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91
Changfa Engines / Re: jiang dong R108d flange/pulley
« Last post by glort on February 06, 2019, 09:36:45 PM »

Exactly what I had made up... only without the raised section to clear the crank nut.  :embarassed:

Looks exactly what I need. I'll have to try and convert measurements to see if they would fit.  Exchange rate and ridiculous US shipping charges would make one a $200 Proposition no doubt. 
Getting one made here.....  who knows.

They look beautifully made though and real work of engineering art.  More to those than meets the eye.
92
Generators / Re: 4.5kva output
« Last post by glort on February 06, 2019, 09:20:24 PM »

An AM radio with loud static between stations is an effective ''poor man's near field sniffer'' for checking home power EMI.

You have mentioned this before and I have been keeping an eye out to get a little transistor radio for this purpose but the things have become rare as hens teeth now. I saw a new one at an electronics store recently but it was clearly marked Digital and the was writing on the box indicating the digital circuitry made it much clearer and eliminated static. Apart from that the price was $100 which I couldn't believe for a little mono radio. I wondered who would want one now and Imagines an old bloke listening o the races or something but couldn't imagine  them paying exactly $100 for a little pocket radio.

I always keep a look out at markets etc but the only ones I have seen in the very few  did not look like they were capable of making a sound, static or otherwise. Why people would even offer busted radios I don't know but considering the other complete rubbish on offer.... 

I remember buying my grandmother a little transistor radio for Christmas. I think it cost me about $2 which was then for me a months pocket money. She sure got her moneys worth out of it though. Every morning she would sit and have her breakfast and listen to the news and talk back.  That little radio literally outlasted her and was going for years.  I'd love to be able to go back in time to that shop I bought it from. Was a dept store that sold practical things and I spent a lot of time in there with my mother and grandmother then later on wandering around myself. going to their large cafeteria  was always a treat as was getting a drink from the swirly machine up the front of Pineapple crush.  It was next to the hot roast chickens they would pull off the rotisserie for you and they did beautiful baked potatoes  and Boiled veggies.  You could get a real meal take away and even my grandmother thought they were cheap and good food.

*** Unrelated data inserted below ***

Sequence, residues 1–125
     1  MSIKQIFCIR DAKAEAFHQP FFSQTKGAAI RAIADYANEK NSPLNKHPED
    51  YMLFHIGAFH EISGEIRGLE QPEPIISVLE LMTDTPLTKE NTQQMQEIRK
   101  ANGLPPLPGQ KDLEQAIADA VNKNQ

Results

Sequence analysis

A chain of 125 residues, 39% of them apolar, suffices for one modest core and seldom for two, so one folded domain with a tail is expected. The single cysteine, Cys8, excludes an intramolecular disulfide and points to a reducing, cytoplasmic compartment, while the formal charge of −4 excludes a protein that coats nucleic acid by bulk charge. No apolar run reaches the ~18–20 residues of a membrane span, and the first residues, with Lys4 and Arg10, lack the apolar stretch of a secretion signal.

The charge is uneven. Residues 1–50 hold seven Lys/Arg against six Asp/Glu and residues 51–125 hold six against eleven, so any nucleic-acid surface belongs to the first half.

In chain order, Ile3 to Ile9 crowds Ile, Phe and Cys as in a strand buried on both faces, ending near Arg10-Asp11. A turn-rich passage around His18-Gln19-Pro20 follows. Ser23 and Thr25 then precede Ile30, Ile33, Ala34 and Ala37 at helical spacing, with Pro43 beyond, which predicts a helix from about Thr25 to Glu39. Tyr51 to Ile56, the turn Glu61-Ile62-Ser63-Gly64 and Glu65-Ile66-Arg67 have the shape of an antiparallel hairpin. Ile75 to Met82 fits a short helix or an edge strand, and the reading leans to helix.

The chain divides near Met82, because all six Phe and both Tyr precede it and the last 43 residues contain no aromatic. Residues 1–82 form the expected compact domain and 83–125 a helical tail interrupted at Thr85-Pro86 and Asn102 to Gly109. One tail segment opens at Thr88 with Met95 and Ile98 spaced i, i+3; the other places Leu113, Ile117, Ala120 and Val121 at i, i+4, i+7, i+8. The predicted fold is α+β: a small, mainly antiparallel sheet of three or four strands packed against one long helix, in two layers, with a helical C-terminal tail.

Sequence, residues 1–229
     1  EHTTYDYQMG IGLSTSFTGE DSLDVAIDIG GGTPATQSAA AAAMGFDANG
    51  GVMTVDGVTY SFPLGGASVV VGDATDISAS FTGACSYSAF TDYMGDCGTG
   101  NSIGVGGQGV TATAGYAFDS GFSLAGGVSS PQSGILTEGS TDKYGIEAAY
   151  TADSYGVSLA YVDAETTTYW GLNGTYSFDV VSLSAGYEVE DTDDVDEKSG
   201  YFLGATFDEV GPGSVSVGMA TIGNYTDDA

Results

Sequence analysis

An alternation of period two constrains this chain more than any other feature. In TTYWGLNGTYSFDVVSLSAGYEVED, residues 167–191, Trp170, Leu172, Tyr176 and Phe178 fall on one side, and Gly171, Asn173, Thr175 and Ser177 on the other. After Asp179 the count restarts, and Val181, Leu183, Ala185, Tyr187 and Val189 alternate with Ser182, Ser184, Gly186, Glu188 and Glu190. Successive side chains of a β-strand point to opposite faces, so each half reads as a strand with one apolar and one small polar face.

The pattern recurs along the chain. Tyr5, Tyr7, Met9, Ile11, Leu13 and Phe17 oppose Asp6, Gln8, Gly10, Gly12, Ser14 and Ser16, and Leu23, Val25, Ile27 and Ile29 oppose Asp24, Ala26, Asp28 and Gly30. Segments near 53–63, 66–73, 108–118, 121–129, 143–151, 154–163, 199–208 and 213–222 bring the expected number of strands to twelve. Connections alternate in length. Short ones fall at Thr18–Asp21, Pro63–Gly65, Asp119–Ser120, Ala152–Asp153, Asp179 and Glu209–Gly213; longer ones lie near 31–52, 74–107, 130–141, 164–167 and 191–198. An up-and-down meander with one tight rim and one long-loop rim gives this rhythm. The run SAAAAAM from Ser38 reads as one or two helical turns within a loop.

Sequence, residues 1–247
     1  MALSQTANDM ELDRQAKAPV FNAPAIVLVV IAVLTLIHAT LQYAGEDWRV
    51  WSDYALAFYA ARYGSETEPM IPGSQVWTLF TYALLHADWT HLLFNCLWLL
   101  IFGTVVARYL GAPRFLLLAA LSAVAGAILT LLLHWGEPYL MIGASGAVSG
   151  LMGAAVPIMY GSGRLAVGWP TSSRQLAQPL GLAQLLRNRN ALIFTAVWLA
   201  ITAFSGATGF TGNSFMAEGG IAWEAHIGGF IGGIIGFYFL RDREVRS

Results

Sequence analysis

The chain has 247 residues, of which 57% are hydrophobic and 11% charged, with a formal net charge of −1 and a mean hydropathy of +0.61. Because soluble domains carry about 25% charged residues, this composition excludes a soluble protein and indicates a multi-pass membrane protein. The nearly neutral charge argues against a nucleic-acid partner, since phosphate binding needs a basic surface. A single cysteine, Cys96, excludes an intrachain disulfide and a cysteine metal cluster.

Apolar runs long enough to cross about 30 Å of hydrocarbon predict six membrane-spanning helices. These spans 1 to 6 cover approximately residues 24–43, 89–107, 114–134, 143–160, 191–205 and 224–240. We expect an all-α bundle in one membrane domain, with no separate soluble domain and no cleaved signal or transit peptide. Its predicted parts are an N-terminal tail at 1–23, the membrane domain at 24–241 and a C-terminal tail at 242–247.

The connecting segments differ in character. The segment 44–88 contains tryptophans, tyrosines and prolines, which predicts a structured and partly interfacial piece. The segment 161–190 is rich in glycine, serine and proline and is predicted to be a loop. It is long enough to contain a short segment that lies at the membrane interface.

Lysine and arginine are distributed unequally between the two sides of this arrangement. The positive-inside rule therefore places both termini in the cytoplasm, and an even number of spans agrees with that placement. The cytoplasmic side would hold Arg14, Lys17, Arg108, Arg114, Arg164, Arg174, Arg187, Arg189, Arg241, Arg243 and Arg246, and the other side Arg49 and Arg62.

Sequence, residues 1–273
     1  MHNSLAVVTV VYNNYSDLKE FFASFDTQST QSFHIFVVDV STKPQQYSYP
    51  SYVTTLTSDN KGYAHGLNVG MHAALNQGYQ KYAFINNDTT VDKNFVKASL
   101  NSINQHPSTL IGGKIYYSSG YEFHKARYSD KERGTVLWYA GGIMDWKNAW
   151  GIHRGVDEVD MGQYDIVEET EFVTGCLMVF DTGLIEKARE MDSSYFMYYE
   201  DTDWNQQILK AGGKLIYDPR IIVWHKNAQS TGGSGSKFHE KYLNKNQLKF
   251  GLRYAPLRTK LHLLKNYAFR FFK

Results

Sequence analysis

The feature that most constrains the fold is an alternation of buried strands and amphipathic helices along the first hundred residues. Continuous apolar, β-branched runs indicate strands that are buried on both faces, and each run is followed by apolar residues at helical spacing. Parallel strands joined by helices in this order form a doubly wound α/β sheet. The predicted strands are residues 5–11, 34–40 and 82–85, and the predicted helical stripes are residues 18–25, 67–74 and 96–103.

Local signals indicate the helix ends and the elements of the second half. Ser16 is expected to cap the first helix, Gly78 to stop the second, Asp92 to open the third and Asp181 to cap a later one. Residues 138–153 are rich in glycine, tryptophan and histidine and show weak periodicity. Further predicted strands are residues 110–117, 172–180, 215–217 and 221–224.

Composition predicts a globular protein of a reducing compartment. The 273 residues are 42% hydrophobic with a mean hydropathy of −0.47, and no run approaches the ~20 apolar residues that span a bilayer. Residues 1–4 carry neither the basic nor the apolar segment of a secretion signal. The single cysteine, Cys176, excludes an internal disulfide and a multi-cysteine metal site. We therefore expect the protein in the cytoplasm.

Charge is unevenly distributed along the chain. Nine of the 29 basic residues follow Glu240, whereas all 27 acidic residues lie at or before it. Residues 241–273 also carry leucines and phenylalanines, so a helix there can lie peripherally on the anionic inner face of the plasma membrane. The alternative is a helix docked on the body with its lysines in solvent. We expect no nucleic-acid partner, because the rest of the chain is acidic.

Think I'll always feel I was born a couple of generations too late.

93
Generators / Re: 4.5kva output
« Last post by BruceM on February 06, 2019, 04:17:02 PM »
Shitty switching supplies are the cause of much home power EMI.  There is no regulation of appliance emissions, and often the home wiring is a strong broadband radio transmitter for something as idiotic as a washing machine that is "off", or a cheap china battery charger left plugged in.  Or a new fancy digitalized heat pump system, etc., etc.  I think it's a foolish way to spend down your health.  It was idiotic to wrap ourselves in the unshielded power cables of our homes, but that is what we've done.

FYI-  Hackaday did a tear down on three LED bulbs.

https://hackaday.com/2019/02/05/what-happened-to-the-100000-hour-led-bulbs/

The GE Basic and Classic bulbs have no switching supply, just bridge rectify the mains to an electrolytic capacitor, with a linear current regulator to the leds in series.  The results of this design-  fairly low EMI, just the emissions of the unsnubbed bridge diodes at 50ma of current.  It could be a Lister flicker problem if your voltage dips too much on the compression stroke, but it's likely OK for SOM's or those with AVRs.

The Cree bulb they tore down has a crappy little switching power supply, so lots of EMI but likely no Lister Flicker.